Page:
We’ll be back: Conor Keane of Killarney Legion is dejected after their loss to South Kerry in the Kerry Senior Football Championship final replay in November 2015.  Photograph: Donall Farmer/Inpho

For Killarney Legion and me, losing a bunch of finals is just a small chapter in our story

The Republic of Ireland’s Cyrus Christie shows his dejection following the World Cup defeat to Denmark. Photograph: Ryan Byrne/Inpho

Racist scapegoating of Cyrus Christie is a new low for so-called fans of the national team

A player wears a “legacy” wristband to protest the abominable treatment of women’s rugby by the IRFU. Photograph: Oisin Keniry/Inpho

With all eyes on 2023, the men in blazers were just paying lip service to the women’s game

 The new West Ham United manager David Moyes during a  press conference. Photograph:  Reuters/John Sibley

West Ham fans, if you think it’s all doom and gloom – well, it very likely is going to be

Cork City celebrate winning the Women’s FAI Cup at the Aviva Stadium. Photograph: Ryan Byrne/Inpho

Cork City women’s team have literally gone from zeros to Cup-winning heroes

At the  launch of the national women’s soccer  league    in March were  Ciara Delany (Kilkenny United), Louise Corrigan (Peamount United), Kylie Murphy (Wexford Youths), Pearl Slattery (Shelbourne), Meabh de Burca (Galway), Emily Cahill (UCD Waves) and Saoirse Noonan (Cork City). Photograph: Tommy Dickson/Inpho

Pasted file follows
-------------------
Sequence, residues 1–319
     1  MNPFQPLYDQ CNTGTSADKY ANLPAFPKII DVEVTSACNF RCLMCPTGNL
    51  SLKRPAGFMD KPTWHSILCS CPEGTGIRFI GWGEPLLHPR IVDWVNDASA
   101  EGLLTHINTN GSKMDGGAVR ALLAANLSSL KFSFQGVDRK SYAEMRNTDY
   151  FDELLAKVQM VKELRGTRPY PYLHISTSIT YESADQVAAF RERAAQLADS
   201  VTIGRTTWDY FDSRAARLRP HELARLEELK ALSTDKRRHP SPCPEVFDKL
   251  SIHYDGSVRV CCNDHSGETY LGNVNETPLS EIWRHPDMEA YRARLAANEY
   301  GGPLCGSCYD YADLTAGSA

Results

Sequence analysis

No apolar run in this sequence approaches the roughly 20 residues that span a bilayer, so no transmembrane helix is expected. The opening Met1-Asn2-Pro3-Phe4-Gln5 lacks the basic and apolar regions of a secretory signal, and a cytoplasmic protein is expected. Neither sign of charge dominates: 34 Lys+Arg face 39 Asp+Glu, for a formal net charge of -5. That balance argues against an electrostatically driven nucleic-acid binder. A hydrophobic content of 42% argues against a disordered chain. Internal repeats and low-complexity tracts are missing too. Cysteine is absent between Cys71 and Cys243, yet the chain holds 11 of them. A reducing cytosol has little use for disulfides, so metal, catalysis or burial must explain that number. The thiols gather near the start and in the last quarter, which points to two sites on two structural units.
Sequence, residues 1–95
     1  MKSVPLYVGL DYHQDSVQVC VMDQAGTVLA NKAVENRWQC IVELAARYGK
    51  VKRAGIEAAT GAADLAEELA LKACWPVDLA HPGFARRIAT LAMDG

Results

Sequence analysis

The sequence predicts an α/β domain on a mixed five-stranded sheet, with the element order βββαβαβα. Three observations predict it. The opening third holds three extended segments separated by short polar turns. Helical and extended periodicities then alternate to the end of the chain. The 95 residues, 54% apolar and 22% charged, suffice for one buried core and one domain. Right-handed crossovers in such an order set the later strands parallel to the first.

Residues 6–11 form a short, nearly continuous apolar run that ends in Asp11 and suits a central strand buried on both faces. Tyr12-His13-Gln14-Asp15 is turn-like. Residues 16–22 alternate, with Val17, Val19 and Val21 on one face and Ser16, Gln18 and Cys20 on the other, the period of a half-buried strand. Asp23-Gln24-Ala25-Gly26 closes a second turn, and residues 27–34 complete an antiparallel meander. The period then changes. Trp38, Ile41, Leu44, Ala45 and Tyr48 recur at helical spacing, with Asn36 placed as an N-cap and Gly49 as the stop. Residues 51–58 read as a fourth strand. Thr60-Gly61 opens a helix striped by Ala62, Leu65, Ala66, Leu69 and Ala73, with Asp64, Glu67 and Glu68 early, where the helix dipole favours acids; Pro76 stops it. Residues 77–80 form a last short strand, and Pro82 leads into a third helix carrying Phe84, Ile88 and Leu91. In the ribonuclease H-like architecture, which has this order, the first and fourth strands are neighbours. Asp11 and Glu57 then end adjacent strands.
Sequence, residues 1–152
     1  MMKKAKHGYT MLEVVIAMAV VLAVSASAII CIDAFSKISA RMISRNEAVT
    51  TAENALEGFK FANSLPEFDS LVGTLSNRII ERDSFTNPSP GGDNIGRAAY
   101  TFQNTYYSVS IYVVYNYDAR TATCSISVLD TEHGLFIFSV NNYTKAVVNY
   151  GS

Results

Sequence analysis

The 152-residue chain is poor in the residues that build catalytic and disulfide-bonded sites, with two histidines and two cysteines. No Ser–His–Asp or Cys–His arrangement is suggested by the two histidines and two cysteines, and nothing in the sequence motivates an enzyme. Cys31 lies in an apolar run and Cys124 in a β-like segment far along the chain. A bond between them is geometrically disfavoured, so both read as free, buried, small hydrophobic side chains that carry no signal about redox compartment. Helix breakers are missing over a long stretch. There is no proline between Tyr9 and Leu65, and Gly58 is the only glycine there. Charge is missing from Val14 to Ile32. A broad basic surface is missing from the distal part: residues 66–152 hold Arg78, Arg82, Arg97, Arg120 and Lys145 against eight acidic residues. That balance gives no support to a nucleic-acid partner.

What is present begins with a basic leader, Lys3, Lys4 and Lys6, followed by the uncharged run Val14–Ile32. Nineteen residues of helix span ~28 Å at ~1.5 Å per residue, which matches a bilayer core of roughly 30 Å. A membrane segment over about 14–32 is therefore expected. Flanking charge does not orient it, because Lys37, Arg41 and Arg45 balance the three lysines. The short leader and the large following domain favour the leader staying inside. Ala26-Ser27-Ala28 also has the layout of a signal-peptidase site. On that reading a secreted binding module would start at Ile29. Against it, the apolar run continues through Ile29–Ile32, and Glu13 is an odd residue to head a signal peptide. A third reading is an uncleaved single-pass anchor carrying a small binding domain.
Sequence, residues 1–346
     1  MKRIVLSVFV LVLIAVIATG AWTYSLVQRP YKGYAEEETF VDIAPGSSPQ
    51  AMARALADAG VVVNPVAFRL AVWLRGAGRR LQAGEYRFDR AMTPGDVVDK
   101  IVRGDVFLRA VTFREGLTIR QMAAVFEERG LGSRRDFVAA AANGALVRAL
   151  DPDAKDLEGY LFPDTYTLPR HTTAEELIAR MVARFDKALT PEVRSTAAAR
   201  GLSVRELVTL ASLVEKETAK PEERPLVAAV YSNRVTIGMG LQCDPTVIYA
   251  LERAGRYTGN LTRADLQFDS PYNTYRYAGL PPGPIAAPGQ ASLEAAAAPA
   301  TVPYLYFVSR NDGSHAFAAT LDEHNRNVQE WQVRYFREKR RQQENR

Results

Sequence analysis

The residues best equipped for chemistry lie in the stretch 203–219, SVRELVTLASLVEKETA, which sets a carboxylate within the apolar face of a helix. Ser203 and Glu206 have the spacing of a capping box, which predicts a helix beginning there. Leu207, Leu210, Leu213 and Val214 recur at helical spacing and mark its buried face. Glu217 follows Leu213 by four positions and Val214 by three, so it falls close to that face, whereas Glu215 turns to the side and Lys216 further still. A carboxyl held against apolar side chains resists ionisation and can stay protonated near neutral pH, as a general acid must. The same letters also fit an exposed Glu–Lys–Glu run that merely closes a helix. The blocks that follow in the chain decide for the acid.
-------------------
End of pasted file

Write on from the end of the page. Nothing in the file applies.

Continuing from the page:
With correct marketing in a rapidly changing digital world, there are opportunites

Cork City players celebrate their Premier Division success. To see the community’s joy in Turner’s Cross that night would bring a tear to a stone. Photograph:  Stephen McCarthy/Sportsfile

Turner’s Cross was a special place to be as the Premier Division title was finally claimed

Norway star Ada Hegerberg welcomed the news that the women’s team are to receive the same pay as the nation’s men’s team. Photograph:  Dean Mouhtaropoulos/Getty Images

Will the Norwegians’ example herald a similar change in other countries?

Sultan Kakar of Munster and Shane Curran of Connacht during the M Donnelly wheelchair hurling interprovincial All-Ireland finals at IT Blanchardstown in 2016. Photograph:  Paul Mohan/Sportsfile

The GAA has shown how serious it is about wheelchair hurling and let's hope others follow

Barcelona taking on Las Palmas in front of a deserted Camp Nou. Photograph: Albert Gea/Reuters

Silence of an empty Camp Nou as Barcelona played a poignant sign of disturbing crisis

England women’s coach Mark Sampson: despite his departure, tensions will surely simmer among the group and it’s difficult to see how this will affect the team in the future. Photograph: Daniel Mihailescu/AFP/Getty Images

Issues such as race and ethnicity are still a taboo topic in the women’s game

Cork’s Rena Buckley lifting the  O’Duffy Cup. There are certain things in life like taxes and death, but you can add  Buckley winning an All-Ireland medal to that list.  Photograph: Gary Carr/Inpho

Psychologists want to know what makes her tick, but people who know her say ‘that’s just Rena’